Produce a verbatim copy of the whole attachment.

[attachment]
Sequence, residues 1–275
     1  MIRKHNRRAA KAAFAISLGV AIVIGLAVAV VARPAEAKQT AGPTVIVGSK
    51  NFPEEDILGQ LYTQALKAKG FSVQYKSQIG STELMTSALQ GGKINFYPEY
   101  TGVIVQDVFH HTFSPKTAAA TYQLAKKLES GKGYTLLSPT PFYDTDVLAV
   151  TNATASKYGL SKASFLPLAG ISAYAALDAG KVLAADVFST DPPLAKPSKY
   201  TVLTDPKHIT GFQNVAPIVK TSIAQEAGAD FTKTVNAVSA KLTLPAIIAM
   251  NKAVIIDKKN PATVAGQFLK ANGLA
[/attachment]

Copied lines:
Sequence, residues 1–275
     1  MIRKHNRRAA KAAFAISLGV AIVIGLAVAV VARPAEAKQT AGPTVIVGSK
    51  NFPEEDILGQ LYTQALKAKG FSVQYKSQIG STELMTSALQ GGKINFYPEY
   101  TGVIVQDVFH HTFSPKTAAA TYQLAKKLES GKGYTLLSPT PFYDTDVLAV
   151  TNATASKYGL SKASFLPLAG ISAYAALDAG KVLAADVFST DPPLAKPSKY
   201  TVLTDPKHIT GFQNVAPIVK TSIAQEAGAD FTKTVNAVSA KLTLPAIIAM
   251  NKAVIIDKKN PATVAGQFLK ANGLA